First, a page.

Many years ago my husband and I owned a marina store on the Intercoastal Waterway, where boats pulled in for fuel, bait, beer and snacks. Here’s a rendering he created of that sweet, little place:
I never imagined owning a business like this, but an opportunity presented itself, and we thought it would be a good idea. Well, it WAS a good idea, and we enjoyed the heck out of it for 3 years. But when we realized we were exhausted (12 hour days/7 days a week will do that to you) we decided to sell it. We still fondly recall our ‘interesting’ bait purveyors, stocking up burly commercial fishermen, feeding hungry tourists, fueling massive boats, and ensuring folks had cool drinks at the end of hot days. We also remember the lovely people who passed through our doors – some are still in our circle, others simply left deep impressions, like our Arab friend Samir, a lovely, smiling man who usually stopped in for a dozen shrimp. . .
Little did Samir know that the day he brought us a warm plate of homemade hummus he would make a culinary impression that stuck with me for 12 years! It was warm, super-creamy, lighter than air, oh-so-flavorful, topped with olive oil and paprika, and served with warm pita. I literally swooned over that hummus. But when I asked what made it SO good, he smiled and said “It’s a secret, but something my people have mastered over many years.” I again tried to pry that secret out of him on his next visit, but he seemed determined to have me figure it out myself 🙂
Over the years, I’ve made many batches – some pretty good, some chalky, tasteless or mealy. But I recently spotted the May, 2017 issue (yes, I’m behind in my reading pile) of Milk Street Kitchen with the headline “Hummus Perfected”. In it, the author wrote how hummus is made in the Middle East, where folks eat the warm, super-creamy concoction every day. Not surprisingly, each region makes it a bit differently, but the process is basically the same. He did his own experimenting back home and revealed all the key components of good hummus. . .Finally, I found the secret(s)!
So, what ARE the keys to great hummus?
1) Start with small, dry chickpeas (vs. canned) – they yield great flavor & texture.
2) Soak chickpeas overnight in salted water to tenderize them.
3) Cook chickpeas in water with baking soda for a long time, to soften them.
4) Puree WARM chickpeas for several minutes, using some of their cooking water.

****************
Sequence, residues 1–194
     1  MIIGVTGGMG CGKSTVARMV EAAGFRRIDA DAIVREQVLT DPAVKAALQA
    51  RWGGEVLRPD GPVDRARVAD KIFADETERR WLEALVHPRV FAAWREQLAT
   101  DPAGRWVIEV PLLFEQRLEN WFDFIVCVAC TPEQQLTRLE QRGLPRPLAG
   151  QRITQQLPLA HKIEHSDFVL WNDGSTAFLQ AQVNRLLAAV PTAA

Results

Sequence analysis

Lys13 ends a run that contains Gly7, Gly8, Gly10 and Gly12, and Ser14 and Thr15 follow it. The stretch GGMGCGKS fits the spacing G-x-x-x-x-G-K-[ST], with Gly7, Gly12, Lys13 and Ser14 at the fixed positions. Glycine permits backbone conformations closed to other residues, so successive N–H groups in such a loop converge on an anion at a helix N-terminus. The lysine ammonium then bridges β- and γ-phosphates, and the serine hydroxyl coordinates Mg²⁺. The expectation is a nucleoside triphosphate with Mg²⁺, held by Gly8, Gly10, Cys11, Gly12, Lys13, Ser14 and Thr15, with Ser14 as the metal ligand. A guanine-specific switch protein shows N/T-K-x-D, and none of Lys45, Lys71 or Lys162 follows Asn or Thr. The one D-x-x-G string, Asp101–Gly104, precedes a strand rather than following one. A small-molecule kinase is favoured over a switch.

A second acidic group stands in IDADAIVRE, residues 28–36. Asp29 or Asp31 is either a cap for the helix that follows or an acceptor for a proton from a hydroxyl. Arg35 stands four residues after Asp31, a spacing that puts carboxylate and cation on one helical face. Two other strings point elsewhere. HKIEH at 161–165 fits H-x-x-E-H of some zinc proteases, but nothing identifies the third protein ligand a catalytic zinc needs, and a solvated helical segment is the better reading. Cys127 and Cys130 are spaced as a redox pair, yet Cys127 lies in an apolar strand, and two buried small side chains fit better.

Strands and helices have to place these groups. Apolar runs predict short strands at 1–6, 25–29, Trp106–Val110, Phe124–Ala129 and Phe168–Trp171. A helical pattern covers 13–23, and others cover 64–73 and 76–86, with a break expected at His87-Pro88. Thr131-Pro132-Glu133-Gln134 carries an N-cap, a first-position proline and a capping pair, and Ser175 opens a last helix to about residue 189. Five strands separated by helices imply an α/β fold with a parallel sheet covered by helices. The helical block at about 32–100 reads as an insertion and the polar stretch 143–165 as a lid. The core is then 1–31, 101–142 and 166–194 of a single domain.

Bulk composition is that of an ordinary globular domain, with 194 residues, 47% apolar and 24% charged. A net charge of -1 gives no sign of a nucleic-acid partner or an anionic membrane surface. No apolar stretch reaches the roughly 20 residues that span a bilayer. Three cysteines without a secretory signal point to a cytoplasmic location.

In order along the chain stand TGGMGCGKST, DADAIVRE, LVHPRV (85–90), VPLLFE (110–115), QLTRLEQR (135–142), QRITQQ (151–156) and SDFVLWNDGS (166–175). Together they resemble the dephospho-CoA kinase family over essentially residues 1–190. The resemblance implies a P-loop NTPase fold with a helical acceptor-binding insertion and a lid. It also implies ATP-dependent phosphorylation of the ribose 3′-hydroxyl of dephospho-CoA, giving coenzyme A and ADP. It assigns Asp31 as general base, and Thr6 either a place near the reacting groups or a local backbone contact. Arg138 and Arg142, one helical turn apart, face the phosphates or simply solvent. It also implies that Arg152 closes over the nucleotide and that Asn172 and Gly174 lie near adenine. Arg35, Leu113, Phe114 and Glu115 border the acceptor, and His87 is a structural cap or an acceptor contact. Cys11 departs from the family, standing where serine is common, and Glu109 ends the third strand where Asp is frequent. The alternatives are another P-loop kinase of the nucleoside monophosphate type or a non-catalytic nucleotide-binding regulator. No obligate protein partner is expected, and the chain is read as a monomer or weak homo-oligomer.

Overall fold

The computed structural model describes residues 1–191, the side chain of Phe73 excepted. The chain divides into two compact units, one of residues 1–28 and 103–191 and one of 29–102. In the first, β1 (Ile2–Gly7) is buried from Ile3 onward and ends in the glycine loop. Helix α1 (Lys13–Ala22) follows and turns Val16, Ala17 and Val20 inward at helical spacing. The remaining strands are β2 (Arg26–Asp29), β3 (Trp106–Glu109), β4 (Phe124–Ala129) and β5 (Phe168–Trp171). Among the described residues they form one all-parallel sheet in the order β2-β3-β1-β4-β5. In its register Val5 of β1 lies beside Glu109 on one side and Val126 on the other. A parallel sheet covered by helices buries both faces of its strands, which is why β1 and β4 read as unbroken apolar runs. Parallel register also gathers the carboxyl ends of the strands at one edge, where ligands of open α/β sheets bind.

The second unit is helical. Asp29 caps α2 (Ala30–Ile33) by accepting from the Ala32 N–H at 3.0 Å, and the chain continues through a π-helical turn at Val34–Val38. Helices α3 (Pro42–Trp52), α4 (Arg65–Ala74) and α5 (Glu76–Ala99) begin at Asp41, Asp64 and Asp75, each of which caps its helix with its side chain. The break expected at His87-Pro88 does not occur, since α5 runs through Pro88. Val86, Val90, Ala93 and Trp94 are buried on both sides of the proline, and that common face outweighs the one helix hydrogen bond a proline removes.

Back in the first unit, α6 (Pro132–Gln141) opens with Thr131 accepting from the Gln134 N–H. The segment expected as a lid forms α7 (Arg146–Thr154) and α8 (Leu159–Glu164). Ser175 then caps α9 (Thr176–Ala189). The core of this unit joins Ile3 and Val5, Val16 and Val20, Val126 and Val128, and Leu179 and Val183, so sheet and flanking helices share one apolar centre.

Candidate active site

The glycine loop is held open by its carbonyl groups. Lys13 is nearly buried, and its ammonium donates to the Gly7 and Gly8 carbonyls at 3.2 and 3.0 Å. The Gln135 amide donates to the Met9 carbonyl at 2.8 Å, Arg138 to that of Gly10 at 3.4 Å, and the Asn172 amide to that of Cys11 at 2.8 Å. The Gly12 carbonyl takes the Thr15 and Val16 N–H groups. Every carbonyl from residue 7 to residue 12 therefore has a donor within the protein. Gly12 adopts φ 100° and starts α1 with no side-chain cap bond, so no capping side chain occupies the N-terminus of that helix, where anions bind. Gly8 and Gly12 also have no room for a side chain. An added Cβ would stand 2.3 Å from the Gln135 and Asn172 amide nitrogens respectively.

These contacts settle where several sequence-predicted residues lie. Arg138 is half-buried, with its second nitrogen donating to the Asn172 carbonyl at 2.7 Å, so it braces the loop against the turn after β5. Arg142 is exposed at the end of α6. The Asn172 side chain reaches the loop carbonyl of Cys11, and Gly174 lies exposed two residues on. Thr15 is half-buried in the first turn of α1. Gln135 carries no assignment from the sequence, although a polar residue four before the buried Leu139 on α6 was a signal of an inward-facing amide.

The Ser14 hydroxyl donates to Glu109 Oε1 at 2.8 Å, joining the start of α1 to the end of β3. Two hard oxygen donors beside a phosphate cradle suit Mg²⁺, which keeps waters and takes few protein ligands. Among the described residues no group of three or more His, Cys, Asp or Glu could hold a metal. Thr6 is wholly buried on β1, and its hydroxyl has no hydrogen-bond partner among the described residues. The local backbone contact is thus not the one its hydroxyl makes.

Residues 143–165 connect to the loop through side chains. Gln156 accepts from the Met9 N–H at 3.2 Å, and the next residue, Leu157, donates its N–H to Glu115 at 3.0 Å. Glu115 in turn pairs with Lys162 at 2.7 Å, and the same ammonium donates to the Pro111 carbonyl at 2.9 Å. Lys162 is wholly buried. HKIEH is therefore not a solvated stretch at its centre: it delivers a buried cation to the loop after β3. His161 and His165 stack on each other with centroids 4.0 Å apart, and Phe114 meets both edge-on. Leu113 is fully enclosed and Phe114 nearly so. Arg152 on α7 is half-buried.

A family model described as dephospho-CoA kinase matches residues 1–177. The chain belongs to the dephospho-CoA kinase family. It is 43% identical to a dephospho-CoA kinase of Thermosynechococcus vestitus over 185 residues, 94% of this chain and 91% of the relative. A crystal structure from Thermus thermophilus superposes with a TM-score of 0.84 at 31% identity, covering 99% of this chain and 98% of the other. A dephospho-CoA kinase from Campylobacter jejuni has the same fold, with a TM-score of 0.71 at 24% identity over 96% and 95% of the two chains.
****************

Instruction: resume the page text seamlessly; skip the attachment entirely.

5) Only add in tahini, lemon and salt.
6) Use good-quality tahini (toasted, not-too-thick) – try a few brands to see which you like best.
7) Serve it warm. . .
I adapted the MSK recipe ever-so-slightly by adding more lemon juice (I like that lemony zip). And now, I dedicate this hummus to my old friend Samir, the dear man who introduced me to something truly special 🙂
My Favorite Hummus
This creamy, warm and flavorful hummus is brought to you by the folks at Milk Street Kitchen who traveled all the way to the Middle East to find its secrets. Mine is slightly adapted, and it's delicious, served with veggies and warm pita.
- 1 cup Dried chickpeas (see Note below)
- 2 Tb. Kosher salt (+ 1 tsp. - set aside)
- 1/2 tsp. Baking soda
- 3/4 cup Toasted tahini (room temperature)
- 4 1/2 Tb. Fresh lemon juice
- 2 Tb. Extra virgin olive oil
- 1-2 Tb. Fresh parsley, chopped
- 1/2 tsp. Paprika
- 1/4 tsp. Cumin (optional)
- Pour 8 cups of cold water into a large bowl. Add dried chickpeas and 2 Tb. salt. Soak overnight or at least 12 hours (at room temperature).
- Bring 10 cups of water and 1/2 tsp. baking soda to boil in a large pot. Drain chickpeas (discard the salty water) and add to the pot of boiling water. Bring up to boil again, then reduce heat to medium/low and cook about 45 minutes, until chickpeas are very tender (the skins will fall off and you can easily mash the chickpeas with a spoon).
- Put a strainer over a large bowl and pour hot chickpeas into it, allowing them to drain for a couple of minutes. Transfer chickpeas to a food processor (but be sure to save the cooking liquid!), add 1 tsp. reserved salt and process 3 minutes. Meanwhile, remove 3/4 cup of the hot cooking liquid and set it aside until ready to use.
- Stop the food processor to add the tahini, then process until light and smooth (1-2 minutes). Stop the processor to scrape down the edges with a rubber spatula, then, while the machine is running, add 3/4 cup cooking liquid and lemon juice. Pulse until combined, then taste and add salt, if needed.
- Scrape the hummus out of the processor into a wide, shallow bowl. Make a swirl to pour the olive oil into, sprinkle with parsley, paprika and cumin, if using. Serve warm, with pita and fresh veggies. Refrigerate any remaining hummus (probably unlikely!).
You can certainly use canned chickpeas, but be sure to heat them (with their liquid) before pureeing. The flavor and texture won’t be as excellent as what dried chickpeas offer, but if you don’t have time to soak, by all means, go with canned. And be sure to watch the amount of salt you add, as the canned version may contain salt already 🙂